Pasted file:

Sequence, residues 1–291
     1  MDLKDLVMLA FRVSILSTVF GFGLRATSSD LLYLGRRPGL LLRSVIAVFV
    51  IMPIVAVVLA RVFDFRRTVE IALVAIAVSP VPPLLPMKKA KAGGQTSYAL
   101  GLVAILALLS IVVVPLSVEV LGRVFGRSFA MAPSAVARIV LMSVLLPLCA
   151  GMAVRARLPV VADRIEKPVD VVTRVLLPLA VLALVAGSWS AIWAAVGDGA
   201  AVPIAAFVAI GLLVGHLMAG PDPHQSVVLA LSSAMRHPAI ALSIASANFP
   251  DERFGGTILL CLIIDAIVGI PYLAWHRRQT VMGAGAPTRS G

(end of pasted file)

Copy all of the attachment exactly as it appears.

Sequence, residues 1–291
     1  MDLKDLVMLA FRVSILSTVF GFGLRATSSD LLYLGRRPGL LLRSVIAVFV
    51  IMPIVAVVLA RVFDFRRTVE IALVAIAVSP VPPLLPMKKA KAGGQTSYAL
   101  GLVAILALLS IVVVPLSVEV LGRVFGRSFA MAPSAVARIV LMSVLLPLCA
   151  GMAVRARLPV VADRIEKPVD VVTRVLLPLA VLALVAGSWS AIWAAVGDGA
   201  AVPIAAFVAI GLLVGHLMAG PDPHQSVVLA LSSAMRHPAI ALSIASANFP
   251  DERFGGTILL CLIIDAIVGI PYLAWHRRQT VMGAGAPTRS G